In this Commentary, we focus on the Cdc14 family of dual-specificity phosphatases. We will not discuss in detail the essential role of budding yeast Cdc14 in mitotic exit and its regulation by the Cdc14 early-anaphase release (FEAR) pathway and the mitotic exit network (MEN), because several excellent reviews on these topics were recently published (Amon, 2008; De Wulf et al., 2009; Queralt and Uhlmann, 2008). Instead, we first discuss the role of Cdc14 phosphatases in metazoa versus that in yeast cells and then compare recent findings that suggest the involvement of yeast and vertebrate Cdc14 proteins in DNA replication, DNA damage response and DNA repair. Finally, we emphasize the fact that vertebrate cell lines from which the genes encoding Cdc14A or Cdc14B have been deleted provide an important tool to directly address the cellular functions of these phosphatases.
Protein phosphatases and their regulation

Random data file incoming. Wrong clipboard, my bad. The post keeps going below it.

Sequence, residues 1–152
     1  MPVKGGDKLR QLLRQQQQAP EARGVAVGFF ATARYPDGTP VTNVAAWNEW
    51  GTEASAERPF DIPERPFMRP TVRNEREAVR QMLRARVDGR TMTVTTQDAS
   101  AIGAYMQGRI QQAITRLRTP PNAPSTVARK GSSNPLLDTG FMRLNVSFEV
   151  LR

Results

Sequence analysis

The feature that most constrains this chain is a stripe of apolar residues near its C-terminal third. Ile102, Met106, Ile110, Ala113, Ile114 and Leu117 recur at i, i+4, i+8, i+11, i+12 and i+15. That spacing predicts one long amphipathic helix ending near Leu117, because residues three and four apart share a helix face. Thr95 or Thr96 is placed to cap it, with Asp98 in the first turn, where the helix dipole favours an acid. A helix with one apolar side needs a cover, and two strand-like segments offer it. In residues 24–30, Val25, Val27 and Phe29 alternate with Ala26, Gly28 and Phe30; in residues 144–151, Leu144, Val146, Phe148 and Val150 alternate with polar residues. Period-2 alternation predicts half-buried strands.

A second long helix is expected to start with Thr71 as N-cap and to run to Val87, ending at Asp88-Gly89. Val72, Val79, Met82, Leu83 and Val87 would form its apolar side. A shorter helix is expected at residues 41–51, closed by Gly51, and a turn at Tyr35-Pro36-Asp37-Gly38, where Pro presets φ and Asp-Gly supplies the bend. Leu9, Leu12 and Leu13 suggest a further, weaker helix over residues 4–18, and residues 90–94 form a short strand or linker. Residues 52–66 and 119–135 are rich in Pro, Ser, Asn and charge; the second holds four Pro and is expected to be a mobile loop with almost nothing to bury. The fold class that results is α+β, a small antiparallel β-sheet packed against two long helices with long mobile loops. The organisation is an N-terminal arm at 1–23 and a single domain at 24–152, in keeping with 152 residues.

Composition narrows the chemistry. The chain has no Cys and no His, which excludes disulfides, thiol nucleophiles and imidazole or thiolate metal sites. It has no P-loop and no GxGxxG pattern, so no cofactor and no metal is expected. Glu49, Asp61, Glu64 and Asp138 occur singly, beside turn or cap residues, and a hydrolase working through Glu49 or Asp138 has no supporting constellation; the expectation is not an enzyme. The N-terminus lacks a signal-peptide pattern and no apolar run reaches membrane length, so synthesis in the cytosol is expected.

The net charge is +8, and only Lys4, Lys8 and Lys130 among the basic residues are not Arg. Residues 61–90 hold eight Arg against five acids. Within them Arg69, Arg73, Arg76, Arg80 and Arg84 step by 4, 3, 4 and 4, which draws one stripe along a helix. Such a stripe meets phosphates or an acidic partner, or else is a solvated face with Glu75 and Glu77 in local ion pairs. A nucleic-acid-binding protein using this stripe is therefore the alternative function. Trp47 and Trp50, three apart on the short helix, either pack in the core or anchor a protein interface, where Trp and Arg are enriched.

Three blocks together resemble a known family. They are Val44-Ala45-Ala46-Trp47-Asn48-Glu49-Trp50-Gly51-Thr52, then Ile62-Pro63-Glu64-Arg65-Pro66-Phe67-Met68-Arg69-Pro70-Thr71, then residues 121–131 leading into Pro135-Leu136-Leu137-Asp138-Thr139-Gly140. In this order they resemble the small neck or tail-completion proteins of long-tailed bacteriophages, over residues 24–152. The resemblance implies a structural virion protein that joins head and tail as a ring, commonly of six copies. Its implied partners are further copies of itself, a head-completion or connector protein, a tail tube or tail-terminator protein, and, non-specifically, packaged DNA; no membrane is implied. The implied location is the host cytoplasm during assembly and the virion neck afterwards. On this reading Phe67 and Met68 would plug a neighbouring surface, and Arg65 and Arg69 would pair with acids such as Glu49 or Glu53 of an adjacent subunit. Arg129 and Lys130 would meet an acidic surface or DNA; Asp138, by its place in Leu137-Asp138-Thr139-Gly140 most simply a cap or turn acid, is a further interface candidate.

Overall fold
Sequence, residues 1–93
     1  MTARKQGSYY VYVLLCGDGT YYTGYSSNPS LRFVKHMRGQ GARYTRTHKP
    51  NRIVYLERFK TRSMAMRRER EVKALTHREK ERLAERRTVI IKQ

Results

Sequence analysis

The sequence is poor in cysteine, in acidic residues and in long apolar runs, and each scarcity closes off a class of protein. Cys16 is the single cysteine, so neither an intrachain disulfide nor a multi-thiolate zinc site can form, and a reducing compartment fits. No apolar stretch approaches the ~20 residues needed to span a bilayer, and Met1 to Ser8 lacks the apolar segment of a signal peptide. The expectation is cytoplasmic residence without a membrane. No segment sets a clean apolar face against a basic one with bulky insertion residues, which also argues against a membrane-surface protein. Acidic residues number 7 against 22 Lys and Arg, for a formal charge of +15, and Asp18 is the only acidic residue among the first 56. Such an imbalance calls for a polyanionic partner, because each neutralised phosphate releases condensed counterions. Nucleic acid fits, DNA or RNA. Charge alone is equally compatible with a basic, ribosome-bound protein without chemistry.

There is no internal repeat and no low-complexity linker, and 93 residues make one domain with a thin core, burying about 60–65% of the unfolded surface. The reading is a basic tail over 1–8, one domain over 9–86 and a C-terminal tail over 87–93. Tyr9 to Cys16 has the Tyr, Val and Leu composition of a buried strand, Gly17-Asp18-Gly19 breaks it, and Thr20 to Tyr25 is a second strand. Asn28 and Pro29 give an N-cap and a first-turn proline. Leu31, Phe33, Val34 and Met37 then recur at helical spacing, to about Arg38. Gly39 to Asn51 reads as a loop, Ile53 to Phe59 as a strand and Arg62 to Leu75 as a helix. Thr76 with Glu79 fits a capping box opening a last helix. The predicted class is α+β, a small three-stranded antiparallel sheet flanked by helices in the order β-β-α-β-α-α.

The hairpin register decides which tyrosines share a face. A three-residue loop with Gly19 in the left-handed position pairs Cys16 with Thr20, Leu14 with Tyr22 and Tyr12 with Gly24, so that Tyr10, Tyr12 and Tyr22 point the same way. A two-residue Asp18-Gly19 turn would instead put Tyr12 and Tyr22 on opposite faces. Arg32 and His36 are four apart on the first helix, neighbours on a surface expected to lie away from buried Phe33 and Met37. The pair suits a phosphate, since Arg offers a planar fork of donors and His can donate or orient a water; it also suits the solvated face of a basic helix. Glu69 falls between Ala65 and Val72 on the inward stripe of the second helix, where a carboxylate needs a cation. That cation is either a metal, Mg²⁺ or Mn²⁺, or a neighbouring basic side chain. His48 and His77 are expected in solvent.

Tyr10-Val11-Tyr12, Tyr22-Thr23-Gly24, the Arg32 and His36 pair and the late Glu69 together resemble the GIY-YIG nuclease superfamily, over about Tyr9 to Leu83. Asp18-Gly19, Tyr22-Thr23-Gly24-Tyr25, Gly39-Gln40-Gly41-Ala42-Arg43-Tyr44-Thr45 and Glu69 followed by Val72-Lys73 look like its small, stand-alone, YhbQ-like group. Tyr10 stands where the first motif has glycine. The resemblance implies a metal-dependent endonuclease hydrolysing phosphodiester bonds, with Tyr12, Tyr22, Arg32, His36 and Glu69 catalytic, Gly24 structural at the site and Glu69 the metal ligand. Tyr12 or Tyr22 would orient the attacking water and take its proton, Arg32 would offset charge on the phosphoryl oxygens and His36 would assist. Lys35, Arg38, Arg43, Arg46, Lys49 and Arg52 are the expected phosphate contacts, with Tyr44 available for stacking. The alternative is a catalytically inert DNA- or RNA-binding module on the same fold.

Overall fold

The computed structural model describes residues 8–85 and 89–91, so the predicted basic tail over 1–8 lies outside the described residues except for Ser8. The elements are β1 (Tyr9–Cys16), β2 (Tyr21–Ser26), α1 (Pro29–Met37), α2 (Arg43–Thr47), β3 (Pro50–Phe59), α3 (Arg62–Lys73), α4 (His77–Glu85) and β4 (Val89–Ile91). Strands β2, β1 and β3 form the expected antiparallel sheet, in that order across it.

The human genome encodes 518 kinases but only ~147 protein phosphatases (Alonso et al., 2004; Manning et al., 2002). Phosphatases evolved independently from several evolutionary progenitors into distinct families – contrast to protein kinases, which are derived from one common ancestor (Tonks, 2006). Owing to the relatively small number of genes that encode phosphatases and the fact that isolated phosphatases only show low substrate specificity in vitro, phosphatases have been widely regarded as promiscuous enzymes. However, it is now becoming increasingly clear that several mechanisms are likely to contribute to the substrate specificity of phosphatases. For example, members of the serine/threonine phosphatase family are holoenzyme complexes that have various combinations of a limited number of catalytic subunits and a large number of regulatory subunits (Virshup and Shenolikar, 2009), which results in different holoenzymes that control a broad range of biological events. Diversity within the single-subunit protein-tyrosine phosphatase (PTP) superfamily is achieved through the use of alternative promoters to control their expression, the presence of multiple splicing variants and post-translational modifications (Tonks, 2006). Moreover, temporal and spatial regulation of the activity of phosphatases can be obtained through strict control over their localization as it has been observed for members of the Cdc25 family (Davezac et al., 2000; Takizawa and Morgan, 2000) and for protein phosphatase 1 (PP1) (Andreassen et al., 1998; Liu et al., 2010; Trinkle-Mulcahy et al., 2003).